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“je l’ai bipé, il m’a raplé”: appropriation by naming June 9, 2007

Posted by François in appropriation, creolization, language.
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An important way in which people appropriate technology is by naming what they do with it. Take for example the well-established practice of communicating through “missed calls” –dialing and hanging-up right away before the correspondent picks up. This is free, since there is no actual call, and it leaves a trace in the form of a ‘missed call message’. Depending on the context, it can mean anything from “call me back” to “I’m thinking of you” or “pick me up at the train station.” In Africa’s English-speaking countries, this is usually called “beeping” or “flashing”, a practical verb: “I’ll beep you when I get there”, or “he keeps flashing me.”

In French, my nephews tell me that their friends use “biper” in the same way: “je l’ai bipé, il m’a raplé.” They also use “faire sonner” (“make ring”) as in “il m’a fait sonner une fois dans la galerie marchande“, or simply “sonner”: ” Il m’a sonné today pour le revoir, ça me fait ultra plaisir“. Others use the much more cumbersome “appel en absence” (that’s the way the phone company names these missed calls, litterally “call while absent”), as in “tu l’as relancé avec un appel en absence et il a pas répondu” or “je sentais bien à ses 7 appels en absence qu’elle commençait à s’impatienter!”

Spanish has a varied and creative vocabulary: people have contracted the “llamadas perdidas” (“lost calls”) into the noun “llamper” as in “hazme una llamper y hablamos un ratillo“, also sometimes spelled “jumper”; Pixel y Dixel collected the following: “la del gitano”, “la cobra”, “toque”, “una perdida”, “llamacuelga”, “manco” as in “hacerse el manco”, “la del manco” o “llamada manca”, “mansajitos misios.” In Chile, it is “pinchar” as in “No….no hay forma que este personaje me esté pinchando…no way” (“pinchar” means “to poke” or “to prick”, as well as “to click with a mouse”, as in “pinchar sobre File” – Wikipedia notes that in Chilean slang, “pinchar” also means “to make-out or hook-up sexually” I wonder if there is a connection…)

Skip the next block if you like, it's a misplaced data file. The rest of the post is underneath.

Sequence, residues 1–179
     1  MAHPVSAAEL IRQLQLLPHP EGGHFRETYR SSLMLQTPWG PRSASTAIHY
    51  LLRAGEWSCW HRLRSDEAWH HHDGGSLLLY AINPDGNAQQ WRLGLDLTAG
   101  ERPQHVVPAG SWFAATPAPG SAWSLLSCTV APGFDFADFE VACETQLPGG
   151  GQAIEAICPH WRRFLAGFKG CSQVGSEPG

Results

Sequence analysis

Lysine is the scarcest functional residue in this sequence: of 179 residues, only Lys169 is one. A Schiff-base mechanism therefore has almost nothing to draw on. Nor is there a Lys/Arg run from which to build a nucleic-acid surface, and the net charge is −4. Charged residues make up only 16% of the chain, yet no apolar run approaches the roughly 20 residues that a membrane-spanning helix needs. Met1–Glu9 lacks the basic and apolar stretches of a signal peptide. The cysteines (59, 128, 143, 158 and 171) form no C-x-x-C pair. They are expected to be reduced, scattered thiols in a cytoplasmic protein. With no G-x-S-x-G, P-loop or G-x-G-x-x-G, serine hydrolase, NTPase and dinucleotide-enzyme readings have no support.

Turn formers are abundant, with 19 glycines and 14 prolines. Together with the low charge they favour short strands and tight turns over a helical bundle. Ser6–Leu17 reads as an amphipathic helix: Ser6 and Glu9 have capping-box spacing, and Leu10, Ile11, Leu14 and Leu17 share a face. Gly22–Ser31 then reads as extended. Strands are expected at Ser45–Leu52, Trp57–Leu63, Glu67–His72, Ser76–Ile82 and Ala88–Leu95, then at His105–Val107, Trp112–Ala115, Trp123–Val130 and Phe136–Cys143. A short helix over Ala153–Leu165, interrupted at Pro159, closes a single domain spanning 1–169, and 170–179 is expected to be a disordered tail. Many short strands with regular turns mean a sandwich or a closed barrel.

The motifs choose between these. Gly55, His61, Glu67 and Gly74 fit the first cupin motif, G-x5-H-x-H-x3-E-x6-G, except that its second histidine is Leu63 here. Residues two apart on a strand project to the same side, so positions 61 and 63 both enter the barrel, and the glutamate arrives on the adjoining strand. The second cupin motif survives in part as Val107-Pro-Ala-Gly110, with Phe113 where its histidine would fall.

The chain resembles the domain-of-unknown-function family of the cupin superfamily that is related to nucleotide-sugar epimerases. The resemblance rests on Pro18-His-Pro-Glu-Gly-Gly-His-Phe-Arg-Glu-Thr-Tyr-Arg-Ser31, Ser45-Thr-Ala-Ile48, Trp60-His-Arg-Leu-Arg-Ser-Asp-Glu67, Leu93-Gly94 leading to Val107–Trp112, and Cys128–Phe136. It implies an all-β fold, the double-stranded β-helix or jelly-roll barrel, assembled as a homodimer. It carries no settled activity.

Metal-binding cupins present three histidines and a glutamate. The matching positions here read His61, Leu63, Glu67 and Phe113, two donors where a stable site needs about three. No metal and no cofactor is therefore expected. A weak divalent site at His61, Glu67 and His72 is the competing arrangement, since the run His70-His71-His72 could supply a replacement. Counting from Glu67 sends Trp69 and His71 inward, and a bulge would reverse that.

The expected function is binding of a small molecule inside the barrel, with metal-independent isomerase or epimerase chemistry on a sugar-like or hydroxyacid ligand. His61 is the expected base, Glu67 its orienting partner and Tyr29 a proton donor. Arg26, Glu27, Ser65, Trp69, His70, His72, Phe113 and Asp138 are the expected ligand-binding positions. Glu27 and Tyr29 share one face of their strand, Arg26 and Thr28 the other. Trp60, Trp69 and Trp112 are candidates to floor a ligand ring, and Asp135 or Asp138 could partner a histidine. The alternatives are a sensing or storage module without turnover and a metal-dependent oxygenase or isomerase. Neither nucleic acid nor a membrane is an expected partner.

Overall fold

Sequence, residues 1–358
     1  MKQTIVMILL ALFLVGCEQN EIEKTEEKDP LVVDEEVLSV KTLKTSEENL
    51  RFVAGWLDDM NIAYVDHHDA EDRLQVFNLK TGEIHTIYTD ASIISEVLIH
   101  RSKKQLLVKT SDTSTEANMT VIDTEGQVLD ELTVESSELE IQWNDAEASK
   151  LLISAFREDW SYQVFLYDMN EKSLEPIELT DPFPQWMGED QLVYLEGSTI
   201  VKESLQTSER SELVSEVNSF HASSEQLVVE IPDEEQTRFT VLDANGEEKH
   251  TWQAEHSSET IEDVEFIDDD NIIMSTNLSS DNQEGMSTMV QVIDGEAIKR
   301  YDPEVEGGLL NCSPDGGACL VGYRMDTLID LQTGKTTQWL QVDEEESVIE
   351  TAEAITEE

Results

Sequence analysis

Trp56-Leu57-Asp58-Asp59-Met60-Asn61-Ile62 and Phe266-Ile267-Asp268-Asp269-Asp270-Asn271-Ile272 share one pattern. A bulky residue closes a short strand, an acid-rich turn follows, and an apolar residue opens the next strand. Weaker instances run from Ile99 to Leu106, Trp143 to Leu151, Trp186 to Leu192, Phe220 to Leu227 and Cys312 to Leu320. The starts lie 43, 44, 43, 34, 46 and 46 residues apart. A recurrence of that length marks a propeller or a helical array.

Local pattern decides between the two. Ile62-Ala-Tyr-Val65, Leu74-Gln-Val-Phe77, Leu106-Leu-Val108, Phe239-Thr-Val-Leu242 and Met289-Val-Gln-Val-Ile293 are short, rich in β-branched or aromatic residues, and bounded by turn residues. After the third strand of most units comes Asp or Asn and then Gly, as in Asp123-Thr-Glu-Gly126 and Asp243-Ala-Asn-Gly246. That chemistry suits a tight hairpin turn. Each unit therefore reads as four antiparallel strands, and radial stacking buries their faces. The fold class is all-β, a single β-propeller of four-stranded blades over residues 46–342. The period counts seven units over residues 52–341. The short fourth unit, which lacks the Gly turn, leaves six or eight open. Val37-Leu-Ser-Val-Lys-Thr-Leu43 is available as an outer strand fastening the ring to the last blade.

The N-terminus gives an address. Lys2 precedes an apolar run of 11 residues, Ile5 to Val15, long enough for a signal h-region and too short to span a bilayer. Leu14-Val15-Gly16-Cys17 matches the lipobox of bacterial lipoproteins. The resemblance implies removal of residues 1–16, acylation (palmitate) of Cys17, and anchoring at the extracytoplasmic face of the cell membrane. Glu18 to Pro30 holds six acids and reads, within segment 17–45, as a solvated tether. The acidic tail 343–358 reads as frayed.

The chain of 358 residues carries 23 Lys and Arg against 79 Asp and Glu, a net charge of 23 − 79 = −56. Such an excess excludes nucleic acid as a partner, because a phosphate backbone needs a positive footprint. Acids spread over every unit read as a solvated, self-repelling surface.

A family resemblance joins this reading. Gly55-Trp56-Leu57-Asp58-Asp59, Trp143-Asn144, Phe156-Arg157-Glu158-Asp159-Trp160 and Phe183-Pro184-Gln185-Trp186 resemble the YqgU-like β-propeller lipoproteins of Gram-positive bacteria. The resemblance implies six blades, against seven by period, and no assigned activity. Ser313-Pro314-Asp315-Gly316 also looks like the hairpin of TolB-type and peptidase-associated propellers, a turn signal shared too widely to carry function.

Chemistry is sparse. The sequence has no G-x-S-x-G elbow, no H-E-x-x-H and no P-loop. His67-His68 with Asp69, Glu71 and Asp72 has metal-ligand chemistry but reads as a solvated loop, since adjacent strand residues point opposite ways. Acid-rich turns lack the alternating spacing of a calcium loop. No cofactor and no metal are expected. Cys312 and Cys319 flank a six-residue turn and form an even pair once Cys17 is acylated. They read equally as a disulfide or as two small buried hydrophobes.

What do you call this in your neighborhood?

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1. Roxana Barrantes - June 9, 2007

“Llamada misia” (roguhly translated as “cheap call”) in some parts of Peru.

“misio” understood as “poor” or “cheap”.

“EStoy misia” means “I am broke”.

“La cena estuvo misiasa” means a frugal meal or of bad quality.

Tambien se usa “llamada perdida”.

2. Jonathan Miller - June 10, 2007

In England now many people ‘juice’ their mobiles. (portable in French, handi in German … call in American).

When it needs more, juice, obviously.

There are restaurants in London that will feed your phone while they feed you.

3. Jonathan Miller - June 10, 2007

I am also told that on Facebook users may ‘poke’ one another…

4. François - June 10, 2007

Thanks Roxana! is this the same idea as “mansajitos misios”?
Jonathan: Interesting how each name emphasizes different aspects. Much has been written about what people call the instrument itself. Finnish teenagers carry a “kannyka” (which apparently means “extension of the hand”); in Japan, they use a “keitai” (which Mimi Ito translates as “something you carry with you” in her book, “Personal, Portable, Pedestrian)
Is “juicing” recharging the battery, or the pre-paid call credit?

5. Jonathan Miller - June 11, 2007

Juicing is to do with current which is possibly wherein lies the pun.

6. wide open spaces · Cultural and Technological Appropriation - June 13, 2007

[…] practices within a 3-step technology cycle (adoption / appropriation / re-configuration). One very interesting post shows that an important way in which people appropriate technology is by naming what they do with […]

7. François - June 14, 2007

I just saw on textually.org that Reware sells Juice Bags that are “outfitted with a super flexible solar panel that can charge your handheld devices”


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